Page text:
This tweet received six likes, one retweet, and two comments. Furthermore, it got 553 impressions, 27 total engagements, 15 link clicks, one detail expand, and one profile click. It recieved a 4.9% engagement rate. Similar to the last tweet, this tweet let people know what I had been up to while presenting the information in a light and grateful manner. With my followers being a small community, I think they actually care about what I’m doing, so this tweet provided a glimpse into my personal happenings.

Another tweet that earned good reception was my side by side photo tweet.

I think people liked this tweet it was authentic, pro-feminism, and funny. People on Twitter had been tweeting about not letting a man judge a woman for wearing makeup, so this tweet fit that trend by acknowledging the shocking difference of my face with a beard versus without a beard, amplified by the other similarities between the two photos. This tweet received 11 likes, 546 impressions, 89 total engagements, 70 media engagements, five detail expands, three profile visits, and a 16.3% engagement rate. Overall, self humor seems to do well on humor as well as progressive content.

My #BabyNut tweet cracked the top 10.

Though it only received two likes, it got 496 impressions, six total engagements, four profile clicks, and a 1.2% engagement rate. I think this tweet performed well since it connected to what we ‘d spoken about in NHsmc, bringing in engagement from our class community. We had spoken about Baby Yoda, so this commentary on Baby Nut proved to be incredibly timely, making it a somewhat successful tweet.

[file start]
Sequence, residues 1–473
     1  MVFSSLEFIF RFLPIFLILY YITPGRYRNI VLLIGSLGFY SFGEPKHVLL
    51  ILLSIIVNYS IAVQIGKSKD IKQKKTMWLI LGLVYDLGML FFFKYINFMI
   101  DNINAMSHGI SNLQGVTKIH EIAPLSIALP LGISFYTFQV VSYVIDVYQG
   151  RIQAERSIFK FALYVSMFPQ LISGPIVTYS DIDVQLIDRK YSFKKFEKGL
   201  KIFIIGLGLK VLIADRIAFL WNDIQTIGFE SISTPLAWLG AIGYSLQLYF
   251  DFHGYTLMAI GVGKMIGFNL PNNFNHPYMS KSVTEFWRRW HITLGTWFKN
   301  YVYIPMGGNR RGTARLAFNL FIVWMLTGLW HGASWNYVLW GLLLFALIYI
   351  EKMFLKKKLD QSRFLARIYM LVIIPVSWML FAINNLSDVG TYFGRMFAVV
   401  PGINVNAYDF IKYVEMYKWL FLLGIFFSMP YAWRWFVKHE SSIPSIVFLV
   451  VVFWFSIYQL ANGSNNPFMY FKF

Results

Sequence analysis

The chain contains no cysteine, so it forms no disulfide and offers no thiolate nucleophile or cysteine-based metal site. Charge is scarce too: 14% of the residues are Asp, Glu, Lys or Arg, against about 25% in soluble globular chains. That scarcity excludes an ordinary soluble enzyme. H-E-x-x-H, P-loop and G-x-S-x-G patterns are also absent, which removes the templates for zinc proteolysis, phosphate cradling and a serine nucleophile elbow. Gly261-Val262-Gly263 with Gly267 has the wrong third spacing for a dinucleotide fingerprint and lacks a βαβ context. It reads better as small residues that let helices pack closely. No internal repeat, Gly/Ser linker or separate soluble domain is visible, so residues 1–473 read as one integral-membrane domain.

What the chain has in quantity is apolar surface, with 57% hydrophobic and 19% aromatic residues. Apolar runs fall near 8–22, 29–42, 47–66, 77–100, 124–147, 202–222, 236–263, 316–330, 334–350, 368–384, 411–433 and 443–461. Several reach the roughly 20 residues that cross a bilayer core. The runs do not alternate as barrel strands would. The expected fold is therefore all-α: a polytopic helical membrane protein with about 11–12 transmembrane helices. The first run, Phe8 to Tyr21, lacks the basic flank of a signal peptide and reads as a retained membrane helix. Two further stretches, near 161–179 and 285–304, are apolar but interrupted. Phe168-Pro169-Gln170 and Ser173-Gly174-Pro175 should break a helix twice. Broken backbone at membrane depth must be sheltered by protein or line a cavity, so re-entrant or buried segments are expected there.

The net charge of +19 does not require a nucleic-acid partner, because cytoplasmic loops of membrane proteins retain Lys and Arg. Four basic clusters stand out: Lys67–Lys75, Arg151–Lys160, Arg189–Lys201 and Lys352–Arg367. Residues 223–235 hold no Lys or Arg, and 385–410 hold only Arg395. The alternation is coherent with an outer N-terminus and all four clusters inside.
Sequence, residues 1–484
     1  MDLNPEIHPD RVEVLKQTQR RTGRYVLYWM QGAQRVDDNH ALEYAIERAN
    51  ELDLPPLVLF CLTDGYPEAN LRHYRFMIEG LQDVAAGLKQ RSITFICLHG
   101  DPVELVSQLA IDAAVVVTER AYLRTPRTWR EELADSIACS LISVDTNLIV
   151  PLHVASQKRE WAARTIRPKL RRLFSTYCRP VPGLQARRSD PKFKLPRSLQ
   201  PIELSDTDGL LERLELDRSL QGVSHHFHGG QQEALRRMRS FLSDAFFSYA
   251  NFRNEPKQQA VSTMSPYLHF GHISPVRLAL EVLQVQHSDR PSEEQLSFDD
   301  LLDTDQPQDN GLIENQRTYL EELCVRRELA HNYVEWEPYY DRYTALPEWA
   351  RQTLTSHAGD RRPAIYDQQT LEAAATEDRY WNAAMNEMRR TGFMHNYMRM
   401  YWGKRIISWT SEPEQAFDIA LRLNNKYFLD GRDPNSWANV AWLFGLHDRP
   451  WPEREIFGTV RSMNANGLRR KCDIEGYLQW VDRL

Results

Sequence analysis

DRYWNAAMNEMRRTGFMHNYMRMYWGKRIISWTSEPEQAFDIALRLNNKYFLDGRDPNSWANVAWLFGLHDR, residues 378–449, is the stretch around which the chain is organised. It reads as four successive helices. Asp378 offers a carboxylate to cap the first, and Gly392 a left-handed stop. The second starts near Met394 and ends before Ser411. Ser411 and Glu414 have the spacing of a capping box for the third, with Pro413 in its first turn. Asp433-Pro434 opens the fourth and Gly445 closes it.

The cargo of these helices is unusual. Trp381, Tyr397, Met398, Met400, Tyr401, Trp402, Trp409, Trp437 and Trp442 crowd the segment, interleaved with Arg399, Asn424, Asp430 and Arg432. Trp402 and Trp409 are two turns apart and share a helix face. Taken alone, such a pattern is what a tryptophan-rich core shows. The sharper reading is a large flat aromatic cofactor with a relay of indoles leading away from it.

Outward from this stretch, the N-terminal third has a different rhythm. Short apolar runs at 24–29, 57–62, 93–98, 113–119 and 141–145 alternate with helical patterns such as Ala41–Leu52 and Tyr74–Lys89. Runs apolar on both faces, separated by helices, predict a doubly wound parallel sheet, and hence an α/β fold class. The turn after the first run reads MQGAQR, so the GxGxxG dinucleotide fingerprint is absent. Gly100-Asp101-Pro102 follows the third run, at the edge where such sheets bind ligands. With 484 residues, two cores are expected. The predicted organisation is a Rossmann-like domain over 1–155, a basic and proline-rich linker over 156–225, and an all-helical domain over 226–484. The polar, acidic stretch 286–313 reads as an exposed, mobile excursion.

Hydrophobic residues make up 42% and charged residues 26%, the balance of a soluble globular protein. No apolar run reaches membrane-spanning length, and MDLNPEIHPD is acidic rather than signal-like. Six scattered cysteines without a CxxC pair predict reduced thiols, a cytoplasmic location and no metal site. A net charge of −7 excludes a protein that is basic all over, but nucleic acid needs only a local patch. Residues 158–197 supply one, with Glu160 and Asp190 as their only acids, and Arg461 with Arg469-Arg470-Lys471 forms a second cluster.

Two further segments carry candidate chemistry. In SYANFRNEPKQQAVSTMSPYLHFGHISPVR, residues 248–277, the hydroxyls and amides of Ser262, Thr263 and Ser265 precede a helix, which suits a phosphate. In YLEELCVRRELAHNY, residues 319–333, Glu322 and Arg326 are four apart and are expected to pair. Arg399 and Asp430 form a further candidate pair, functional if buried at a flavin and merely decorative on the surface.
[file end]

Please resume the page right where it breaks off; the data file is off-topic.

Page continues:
One of my quote tweets also performed amongst the top.

I think this tweet did well because the headline in the original tweet was incredibly outlandish, and I amplified it by writing my quote tweet in a similar fashion and relating it to the stresses currently being felt by a large portion of my audience. This tweet received five likes, 472 impressions, six total engagements, and a 1.3% engagement rate. It was not the most engaging tweet, but it did receive a decent amount of likes.

A tweet promoting one of my blog posts ranked as one of my most successful tweets.

Despite sad tweets not always doing well, this timely tweet about the death of Kobe Bryant received good engagement. It got two likes, one retweet, 449 impressions, eight total engagements, four details expanded, one link click, and a 1.1% engagement rate. The subject manner was interesting in that it connected memes to a celebrity death. So, I think people found this tweet to be interesting and informational, making it somewhat successful.